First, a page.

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Android Trojan Spotted in Multiple Applications on Google Play Harvesting User Credentials


Cybersecurity researchers at Dr. Web monitoring the mobile app ecosystem have spotted a major tip in trojan infiltration on the Google Play Store, with one of the applications having over 500,000 installations and available to download. 

The majority of these applications belong to a family of trojan malware used in a variety of scams, resulting in money losses as well as the theft of sensitive private details. Additionally, a new Android trojan called ‘Android.Spy.4498’ designed as a WhatsApp mod has been discovered in the wild. The trojan is spreading via malicious websites promoted by social media posts, forums, and SEO poisoning.

According to Dr. Web's report published in January 2022, the ‘Android.Spy.4498’ was identified in some of the unofficial WhatsApp applications (mods) named GBWhatsApp, OBWhatsApp, or WhatsApp Plus. These mods provide Arabic language support, home screen widgets, separate bottom bar, hide status options, call blocking, and the ability to auto-save received media. These mods are popular in the online communities because they offer additional features not available in the vanilla WhatsApp.

The Trojan is also capable of downloading apps and offering users to install them in order to display dialog boxes with the content it receives from malicious actors. During the attack, Android.Spy.4498 requests access to manage notifications and read their content.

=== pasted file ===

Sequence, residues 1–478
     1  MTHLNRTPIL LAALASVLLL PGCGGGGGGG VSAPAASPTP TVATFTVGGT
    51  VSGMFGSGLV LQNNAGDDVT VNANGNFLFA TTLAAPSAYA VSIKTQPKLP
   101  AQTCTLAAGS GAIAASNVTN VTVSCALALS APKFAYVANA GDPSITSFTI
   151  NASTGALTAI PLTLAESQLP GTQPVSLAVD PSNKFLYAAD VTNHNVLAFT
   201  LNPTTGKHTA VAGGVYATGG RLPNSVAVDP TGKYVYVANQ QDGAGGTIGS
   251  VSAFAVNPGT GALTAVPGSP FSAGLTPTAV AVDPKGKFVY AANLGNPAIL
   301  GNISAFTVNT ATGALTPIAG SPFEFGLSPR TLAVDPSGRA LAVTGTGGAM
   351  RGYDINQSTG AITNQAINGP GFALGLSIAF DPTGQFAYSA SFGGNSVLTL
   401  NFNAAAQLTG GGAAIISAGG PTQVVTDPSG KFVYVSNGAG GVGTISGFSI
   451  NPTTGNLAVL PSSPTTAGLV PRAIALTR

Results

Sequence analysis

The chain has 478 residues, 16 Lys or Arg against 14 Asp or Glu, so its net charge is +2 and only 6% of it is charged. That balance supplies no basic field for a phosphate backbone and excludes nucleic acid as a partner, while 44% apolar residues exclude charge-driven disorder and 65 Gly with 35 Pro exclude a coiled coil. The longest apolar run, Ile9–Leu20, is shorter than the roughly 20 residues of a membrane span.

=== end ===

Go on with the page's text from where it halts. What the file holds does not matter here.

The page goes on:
Additionally, the threats identified on the Play Store include cryptocurrency management applications, social benefit aid tools, Gasprom investment clones, photo editors, and a launcher themed after iOS 15. The majority of fake investment apps trick the victims to design a new account and deposit money supposedly for trading, which is simply transferred to the fraudster’s bank account. Other apps attempt to trick the user into signing up for expensive subscriptions. 

The user reviews under the app describe tactics that resemble subscription scams, charging $2 per week for verification or ad removals, yet offering nothing in return. As the report details, apps discovered by security analysts will load affiliate service sites and enable paid subscriptions through the Wap Click technology after tricking the user into entering their phone number.  

To mitigate the risks, researchers advised installing the apps from trustworthy sources, checking user reviews, scrutinizing permission requests upon installation, and monitoring battery and internet data consumption afterward. Also, to monitor the status of Google Play Protect regularly and add a second layer of protection by using a mobile security tool from a reputable vendor.